Unlike artifacts of metal, clay, glass or bone, few textiles older than a couple hundred years survive. Susceptible to wear and tear, light, damp or insects, those that have come down to us are particularly precious.
This elegant carpet represents the creative and technical skills of both Ottoman and Egyptian craftspeople. It is speculated that weavers from Cairo were brought to Istanbul where they produced fine carpets in the Ottoman style—using the techniques associated with Mamluk carpets produced in Egypt. Whereas Ottoman carpets typically use symmetrical knots, for example, the Mamluks (and so-called Ottoman Cairene carpets) use asymmetrical knots. These are worked in wool on a silk foundation. Even though you cannot see or feel the silk, this technique facilitated the very fine details and sinuous curves associated with the Nickle Ottoman Cairene fragment.
NG.2014.110.000 is likely a fragment of border from a much larger carpet. At some point in its history, it was pieced together with other fragments to create a small, seemingly complete carpet. In fact, the sides are added and the entire piece is finished with an edge stitch that is not original. This textile is closely related to a number of other fragments, including some at the Textile Museum in Washington DC, the Victoria and Albert Museum in London and a number of pieces sold at auction and presumably in private collections.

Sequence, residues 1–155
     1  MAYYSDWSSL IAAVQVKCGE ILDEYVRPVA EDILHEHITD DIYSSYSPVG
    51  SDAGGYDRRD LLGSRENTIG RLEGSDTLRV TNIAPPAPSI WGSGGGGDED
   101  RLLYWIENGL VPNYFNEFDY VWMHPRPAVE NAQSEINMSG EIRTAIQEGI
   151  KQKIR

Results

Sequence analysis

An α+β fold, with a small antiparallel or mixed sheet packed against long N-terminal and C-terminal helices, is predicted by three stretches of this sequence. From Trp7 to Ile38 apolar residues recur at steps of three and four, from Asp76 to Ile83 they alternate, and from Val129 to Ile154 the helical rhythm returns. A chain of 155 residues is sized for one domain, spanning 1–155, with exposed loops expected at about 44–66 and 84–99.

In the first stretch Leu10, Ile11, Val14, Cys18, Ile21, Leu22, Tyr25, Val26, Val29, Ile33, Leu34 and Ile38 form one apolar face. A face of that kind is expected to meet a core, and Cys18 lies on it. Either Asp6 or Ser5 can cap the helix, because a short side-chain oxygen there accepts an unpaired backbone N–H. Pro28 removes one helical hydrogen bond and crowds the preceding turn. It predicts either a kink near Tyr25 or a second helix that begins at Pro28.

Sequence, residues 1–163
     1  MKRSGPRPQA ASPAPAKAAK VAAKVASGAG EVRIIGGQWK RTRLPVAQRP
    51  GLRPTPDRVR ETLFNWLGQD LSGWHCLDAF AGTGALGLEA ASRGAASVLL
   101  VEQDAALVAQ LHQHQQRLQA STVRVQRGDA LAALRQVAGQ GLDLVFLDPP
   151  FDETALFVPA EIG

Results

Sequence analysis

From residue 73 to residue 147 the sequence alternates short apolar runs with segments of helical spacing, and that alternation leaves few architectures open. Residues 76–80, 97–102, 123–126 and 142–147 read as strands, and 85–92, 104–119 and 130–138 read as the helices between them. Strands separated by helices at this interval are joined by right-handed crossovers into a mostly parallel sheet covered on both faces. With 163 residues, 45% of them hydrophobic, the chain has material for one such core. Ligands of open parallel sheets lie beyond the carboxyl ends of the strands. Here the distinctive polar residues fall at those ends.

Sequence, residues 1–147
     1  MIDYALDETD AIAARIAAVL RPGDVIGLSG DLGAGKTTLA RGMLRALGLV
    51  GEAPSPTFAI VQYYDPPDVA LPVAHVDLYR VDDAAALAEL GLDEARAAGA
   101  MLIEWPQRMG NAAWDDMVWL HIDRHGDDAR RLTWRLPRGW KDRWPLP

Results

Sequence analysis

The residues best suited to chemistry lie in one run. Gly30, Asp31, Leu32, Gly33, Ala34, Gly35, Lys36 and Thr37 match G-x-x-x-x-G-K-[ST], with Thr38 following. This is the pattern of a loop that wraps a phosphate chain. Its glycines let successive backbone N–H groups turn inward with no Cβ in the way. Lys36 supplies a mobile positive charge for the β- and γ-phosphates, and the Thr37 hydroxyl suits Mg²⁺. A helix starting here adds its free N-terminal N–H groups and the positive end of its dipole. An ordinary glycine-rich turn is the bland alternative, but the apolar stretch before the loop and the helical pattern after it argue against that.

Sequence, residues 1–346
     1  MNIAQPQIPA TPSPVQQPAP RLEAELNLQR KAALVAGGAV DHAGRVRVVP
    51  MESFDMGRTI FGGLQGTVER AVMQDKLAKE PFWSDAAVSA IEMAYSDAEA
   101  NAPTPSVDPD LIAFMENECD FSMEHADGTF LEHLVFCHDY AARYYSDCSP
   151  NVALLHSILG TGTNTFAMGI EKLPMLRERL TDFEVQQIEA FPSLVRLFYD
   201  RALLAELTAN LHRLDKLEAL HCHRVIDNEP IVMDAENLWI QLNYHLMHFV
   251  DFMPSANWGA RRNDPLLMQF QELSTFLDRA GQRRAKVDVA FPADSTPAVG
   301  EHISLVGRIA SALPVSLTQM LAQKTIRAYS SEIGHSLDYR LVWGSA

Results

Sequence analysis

The centre panel of the Nickle fragment features three graceful blossoms that may be hatayi (stylized lotus blossoms) surrounded by flowing arabesques, cloudbands and smaller buds and leaves. The inner and outer guard borders feature the chintamani design—an Ottoman court design widely used between the 15-17th C. Chintamani involves three balls arranged in a triangle with (usually) two cloudbands or waves (Stone, 1997).
It is important to note that all the colours would have been derived from natural sources—though without testing we cannot definitively know which sources. Synthetic dyestuffs were not invented until the late 19th C. Dyestuffs therefore may have included insect dyes (lac or cochineal) as well as plant dyes (madder, indigo, spurge, gall nuts etc.). Some colours would have been achieved through over-dying yarns (i.e. indigo (blue) dyed wool later dyed with spurge (yellow) produces green). Furthermore, metallic elements were likely used as mordants as evidenced by the corroded crimson wool.
The Nickle Ottoman Cairene is a spectacular textile that illustrates Ottoman court taste, style and technical ability not to mention the historic confluence of different traditions. It belongs to a special group of textiles found across international borders.
Michele Hardy, Curator